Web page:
Old York: the Shambles – illustration by Charles G. Harper for his book The Great North Road: The Old Mail Road to Scotland: York to Edinburgh (1901)
(The pavements are raised either side of the cobbled street to form a channel where the butchers would wash away the offal and blood.)
shambles: a state of total disaster
The word shamble is from Old English sceamel, meaning stool, bench. It is cognate with German Schemel, stool. These words are from Latin scamellum, little bench, stool, diminutive of scamnum, bench, stool, step.
This original meaning of shamble gradually evolved into the specific sense of a table or stall on which meat or fish was displayed and cut into portions for sale. For example, shambles translates in Latin as macellum, meaning butcher’s stall, in the English-Latin dictionary Manipulus Vocabularum (1570) by Peter Levens (floruit 1552-87). And in the glossary appended to Poems of Rural Life, in the Dorset dialect (1844), William Barnes wrote:
Shambles [Anglo-Saxon sceamel, a stool or bench] – Butchers’ benches or stalls. Thence the Shambles, flat rocks like a bench, off Portland.
This is why the plural shambles was used to designate a single place where meat (or occasionally fish) is sold, a meat-market. It was therefore often construed as a singular noun, for example by the traveller and writer Fynes Moryson (1566?-1630) in his book published in 1617, An itinerary written by Fynes Moryson Gent. First in the Latine tongue, and then translated by him into English: containing his ten yeeres trauell through the twelue dominions of Germany, Bohmerland, Sweitzerland, Netherland, Denmarke, Poland, Jtaly [sic], Turky, France, England, Scotland, and Ireland. About the “square market place of Rialto” in Venice, the author wrote:
There is the Pallace of a Gentleman, who prouing a Traytor, the State (for his reproch) turned the same into a shambles, and some vpper chambers to places of iudgement. The fish market lies by this shambles.
(The term flesh shambles was also used, and the English playwright John Day (1574-1638?) employed it figuratively in his 1608 comedy Humour out of breath: a character says that Venice is “counted the best ﬂesh shambles in Italie”, i.e. the best whoring ground.)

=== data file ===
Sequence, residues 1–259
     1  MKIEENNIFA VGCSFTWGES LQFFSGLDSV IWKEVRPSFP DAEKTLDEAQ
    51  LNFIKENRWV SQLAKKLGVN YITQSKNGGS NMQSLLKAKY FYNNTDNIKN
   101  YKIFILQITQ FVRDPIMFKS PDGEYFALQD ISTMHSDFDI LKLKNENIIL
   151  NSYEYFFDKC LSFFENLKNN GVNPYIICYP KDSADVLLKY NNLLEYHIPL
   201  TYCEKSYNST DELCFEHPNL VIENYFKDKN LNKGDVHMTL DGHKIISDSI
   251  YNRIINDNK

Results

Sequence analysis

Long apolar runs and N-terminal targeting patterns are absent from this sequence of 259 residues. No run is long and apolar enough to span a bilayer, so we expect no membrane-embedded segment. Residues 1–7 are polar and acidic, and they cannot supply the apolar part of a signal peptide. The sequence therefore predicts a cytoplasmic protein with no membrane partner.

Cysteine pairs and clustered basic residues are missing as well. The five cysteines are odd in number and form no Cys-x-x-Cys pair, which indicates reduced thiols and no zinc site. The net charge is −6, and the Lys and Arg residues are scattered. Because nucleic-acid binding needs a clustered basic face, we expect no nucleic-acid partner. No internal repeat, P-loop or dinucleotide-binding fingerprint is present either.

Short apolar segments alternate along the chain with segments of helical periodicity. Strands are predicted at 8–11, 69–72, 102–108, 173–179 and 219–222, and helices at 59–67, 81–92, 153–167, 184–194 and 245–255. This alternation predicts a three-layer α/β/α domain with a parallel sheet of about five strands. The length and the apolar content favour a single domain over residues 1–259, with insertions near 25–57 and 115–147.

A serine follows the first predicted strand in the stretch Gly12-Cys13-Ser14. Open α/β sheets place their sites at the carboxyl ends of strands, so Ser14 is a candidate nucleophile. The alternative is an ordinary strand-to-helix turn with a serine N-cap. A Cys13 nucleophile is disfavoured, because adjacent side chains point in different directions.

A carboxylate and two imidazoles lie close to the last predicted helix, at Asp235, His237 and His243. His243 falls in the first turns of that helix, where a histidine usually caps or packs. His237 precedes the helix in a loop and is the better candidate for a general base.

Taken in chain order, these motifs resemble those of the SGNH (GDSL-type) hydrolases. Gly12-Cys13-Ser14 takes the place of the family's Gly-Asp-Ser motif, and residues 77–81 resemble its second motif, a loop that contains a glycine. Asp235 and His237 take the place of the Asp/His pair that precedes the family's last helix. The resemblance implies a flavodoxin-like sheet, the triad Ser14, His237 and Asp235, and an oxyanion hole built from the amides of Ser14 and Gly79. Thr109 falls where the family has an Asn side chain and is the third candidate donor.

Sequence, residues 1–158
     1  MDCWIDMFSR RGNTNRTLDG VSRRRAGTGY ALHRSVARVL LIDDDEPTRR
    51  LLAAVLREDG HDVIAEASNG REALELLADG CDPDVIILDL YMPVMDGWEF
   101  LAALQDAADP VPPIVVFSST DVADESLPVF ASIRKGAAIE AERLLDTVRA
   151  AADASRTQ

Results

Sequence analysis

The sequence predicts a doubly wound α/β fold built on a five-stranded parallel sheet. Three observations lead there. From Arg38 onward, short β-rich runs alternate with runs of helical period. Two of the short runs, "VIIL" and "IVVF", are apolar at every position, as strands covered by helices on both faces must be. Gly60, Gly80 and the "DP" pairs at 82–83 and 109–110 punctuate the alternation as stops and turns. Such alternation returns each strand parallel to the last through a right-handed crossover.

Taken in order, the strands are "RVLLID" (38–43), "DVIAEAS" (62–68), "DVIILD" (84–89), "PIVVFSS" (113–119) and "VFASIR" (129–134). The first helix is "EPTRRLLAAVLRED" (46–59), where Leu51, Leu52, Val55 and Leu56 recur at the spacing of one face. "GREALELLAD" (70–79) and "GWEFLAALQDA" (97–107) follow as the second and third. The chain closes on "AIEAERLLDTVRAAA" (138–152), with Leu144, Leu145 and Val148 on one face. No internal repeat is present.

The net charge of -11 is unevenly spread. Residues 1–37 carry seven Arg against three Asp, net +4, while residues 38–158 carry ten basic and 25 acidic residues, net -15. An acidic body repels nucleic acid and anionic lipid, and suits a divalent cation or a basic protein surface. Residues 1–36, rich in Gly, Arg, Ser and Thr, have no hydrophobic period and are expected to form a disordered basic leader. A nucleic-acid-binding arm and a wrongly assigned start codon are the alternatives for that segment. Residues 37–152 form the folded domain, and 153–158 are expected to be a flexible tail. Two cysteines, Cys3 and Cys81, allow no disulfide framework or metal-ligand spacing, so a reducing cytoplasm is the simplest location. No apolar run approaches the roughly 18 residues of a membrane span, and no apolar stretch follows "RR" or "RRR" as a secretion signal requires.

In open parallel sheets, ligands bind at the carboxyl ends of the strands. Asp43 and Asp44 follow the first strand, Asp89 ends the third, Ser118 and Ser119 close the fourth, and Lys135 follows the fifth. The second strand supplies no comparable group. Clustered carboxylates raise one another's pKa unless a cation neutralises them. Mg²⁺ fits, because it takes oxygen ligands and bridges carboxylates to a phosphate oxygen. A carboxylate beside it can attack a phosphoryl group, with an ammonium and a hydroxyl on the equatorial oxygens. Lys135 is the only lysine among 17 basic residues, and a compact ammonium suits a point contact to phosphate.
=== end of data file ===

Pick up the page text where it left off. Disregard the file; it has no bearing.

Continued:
The word shambles had the additional sense of a place where animals are killed for meat, a butcher’s slaughterhouse. In A Commentary upon the Second Book of Moses, called Exodus (1697), the English theologian and bishop Simon Patrick (1626-1707) wrote, about Exodus, 30:8 (“And when Aaron lighteth the lamps at even, he shall burn incense upon it, a perpetual incense before the Lord throughout your generations”), that incense was continually burnt
because of the vast number of Beasts that were slain, and cut to pieces, and washt and burnt every day at the Sanctuary: which would have made it smell like a Shambles […] if this sweet Odour had not perfumed it.
This meaning of shambles was then extended figuratively to a place of carnage or wholesale slaughter (the modern meaning being a weakening of this). The English pamphleteer Thomas Nashe (1567-1601?) was the first to use the word in this sense in Christs teares ouer Ierusalem (1593):
O Ierusalem, not the Infidell-Romanes, which shall inuade thee, and make thy Citty (now cleped a Citty of peace) a shambles of dead bodies, teare down thy Temple, and sette vp a brothel-house in thy sanctuary, not they (I say) shall haue one droppe of thy blood layde to their charge, not one stone of thy Temple or Sanctuarie, testificatory against them.
The recent noun omnishambles denotes a situation that has been comprehensively mismanaged, characterised by a string of blunders and miscalculations.
It was first uttered in 2009 by Malcolm Tucker in the British political comedy television series The Thick of It. On 18th April 2012, Ed Miliband, Labour Party Leader and Leader of the Opposition, noted in the House of Commons that “even people within Downing Street” were referring to the “omnishambles Budget”.